An old tradition in the valley of the Upper Rhine, southern Germany and Switzerland, Fasnacht or Fastnacht (carnival) is the time of the year when the reign of bad spirits of the cold and grim winter period is over and these spirits are symbolically being hunted down and expelled.
Carnival – Fasnacht in the valley of the Upper Rhine:
A very old tradition
In Swiss German the word Fasnacht is often connected to fasten “to fast” by popular etymology, allegedly from celebrations on the eve preceding fasting.
Comparison of dialect variants however yields to different other origins including some interpreted or connected with fertility rites.
Fasnacht is held in the settlement area of the Germanic tribes of the Swabians and Alemans, where Swabian–Alemannic dialects are spoken. The region covers German Switzerland, the larger part of Baden-Württemberg, Alsace, south-western Bavaria and Vorarlberg (western Austria).
Every year the festival starts on the Thursday before Ash Wednesday, known as Schmotziger Donnerstag or Fettdonnerstag. In Standard German, schmutzig means “dirty”, but in the Alemannic dialects schmotzig means “fat”; “Greasy Thursday”, as remaining winter stores of lard and butter used to be consumed at that time, before the fasting began.
Elsewhere the day is called “Women’s Carnival” (Weiberfastnacht), being the day when tradition says that women take control. In particular regions of Tyrol, Salzburg and Bavaria traditional processions of the Perchten welcome the springtime.
The Schönperchten (beautiful Perchts) represent the birth of new life in the awakening nature, the Schiachperchten (“ugly Perchts”) represent the dark spirits of wintertime. Farmers yearn for warmer weather and the Perchtenlauf (Run of Perchts; typical scenery) is a magical expression of that desire. The nights between winter and spring, when evil ghosts are supposed to go around, are also called Rauhnächte (rough nights).
The nights between winter and spring
An old tradition in the valley of the Upper Rhine, southern Germany and Switzerland, carnival is the time of the year when the reign of bad spirits of the cold and grim winter period is over and these spirits are symbolically being hunted down and expelled.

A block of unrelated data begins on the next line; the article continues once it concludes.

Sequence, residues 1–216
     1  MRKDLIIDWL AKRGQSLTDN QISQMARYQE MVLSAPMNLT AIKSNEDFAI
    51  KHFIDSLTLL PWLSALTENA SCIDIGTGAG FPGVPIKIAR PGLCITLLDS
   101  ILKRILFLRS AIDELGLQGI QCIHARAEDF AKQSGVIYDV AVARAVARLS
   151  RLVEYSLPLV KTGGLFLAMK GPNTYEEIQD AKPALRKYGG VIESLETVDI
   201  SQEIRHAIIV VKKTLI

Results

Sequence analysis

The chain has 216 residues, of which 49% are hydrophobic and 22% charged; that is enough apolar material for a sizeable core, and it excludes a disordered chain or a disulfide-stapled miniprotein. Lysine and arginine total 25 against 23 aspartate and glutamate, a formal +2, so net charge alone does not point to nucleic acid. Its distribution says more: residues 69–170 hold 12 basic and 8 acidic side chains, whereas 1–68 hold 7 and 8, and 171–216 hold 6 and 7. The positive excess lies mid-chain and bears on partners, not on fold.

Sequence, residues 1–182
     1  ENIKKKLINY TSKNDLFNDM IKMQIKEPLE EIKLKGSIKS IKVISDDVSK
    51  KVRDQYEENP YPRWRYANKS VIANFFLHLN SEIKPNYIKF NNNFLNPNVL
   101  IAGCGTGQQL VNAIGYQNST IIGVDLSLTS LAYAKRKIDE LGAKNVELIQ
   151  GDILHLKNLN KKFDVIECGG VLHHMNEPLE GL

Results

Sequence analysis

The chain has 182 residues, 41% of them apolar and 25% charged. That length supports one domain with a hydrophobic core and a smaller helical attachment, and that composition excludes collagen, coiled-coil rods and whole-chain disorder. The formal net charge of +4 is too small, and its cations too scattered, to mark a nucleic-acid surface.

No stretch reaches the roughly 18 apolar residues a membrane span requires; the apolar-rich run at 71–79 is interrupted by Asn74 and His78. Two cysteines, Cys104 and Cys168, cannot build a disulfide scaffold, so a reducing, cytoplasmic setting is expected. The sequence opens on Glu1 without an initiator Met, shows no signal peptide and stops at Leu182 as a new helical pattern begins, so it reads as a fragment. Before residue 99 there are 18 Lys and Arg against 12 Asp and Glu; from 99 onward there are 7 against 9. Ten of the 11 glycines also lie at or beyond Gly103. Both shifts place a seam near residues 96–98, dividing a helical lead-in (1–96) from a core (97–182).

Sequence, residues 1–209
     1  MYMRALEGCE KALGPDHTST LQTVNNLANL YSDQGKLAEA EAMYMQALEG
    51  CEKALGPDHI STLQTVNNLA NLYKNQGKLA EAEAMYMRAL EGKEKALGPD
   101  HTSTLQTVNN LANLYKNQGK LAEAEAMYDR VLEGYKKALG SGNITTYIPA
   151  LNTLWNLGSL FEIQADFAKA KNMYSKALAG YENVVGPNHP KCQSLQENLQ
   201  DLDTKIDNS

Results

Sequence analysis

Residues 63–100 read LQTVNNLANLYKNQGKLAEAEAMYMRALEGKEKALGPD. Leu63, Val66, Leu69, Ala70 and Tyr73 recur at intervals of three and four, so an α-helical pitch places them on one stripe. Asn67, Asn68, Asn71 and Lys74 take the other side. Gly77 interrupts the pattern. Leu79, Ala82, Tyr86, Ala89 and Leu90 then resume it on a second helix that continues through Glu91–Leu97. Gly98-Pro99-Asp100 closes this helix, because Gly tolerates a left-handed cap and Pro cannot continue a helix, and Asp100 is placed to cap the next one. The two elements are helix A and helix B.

By the end of winter, each year around January and February, people dress up as demons, witches, earthly spirits and dreadful animals to enact this scene of symbolic expulsion. What happens in fact is an expulsion of the winter season that symbolises death, silence and destruction. (Just look at what happens to plants in a cold winter and you get the image.)
So before spring can come and the perennial cycle of life can start over again, old forms have to be destroyed for new ones to come into existence. The notions ‘carnival’ (carne = meat) or ‘fastnacht’ (= at the wake of Lent) also refer to the beginning of the Christian tradition of the 40 day-long fasting (or Lenting) season. Whereas during carnival, people go mad, chaos rules, hierarchies are overthrown and one indulges in food and drinks, the fasting season marks an end of this. Remembering the suffering and death of Jesus, many Christians abstain from meat, alcohol, sweets and festivities until Easter, the resurrection of Jesus.
All these rituals are telling stories of death, chaos, life-cycles and resurrection.
Carnival — this combination of pagan beliefs and Christian traditions — can thus be interpreted as the symbolic preparation for a new annual cycle.
There is a more recent version of this page about Carnival in the Upper Rhine valley. Click here.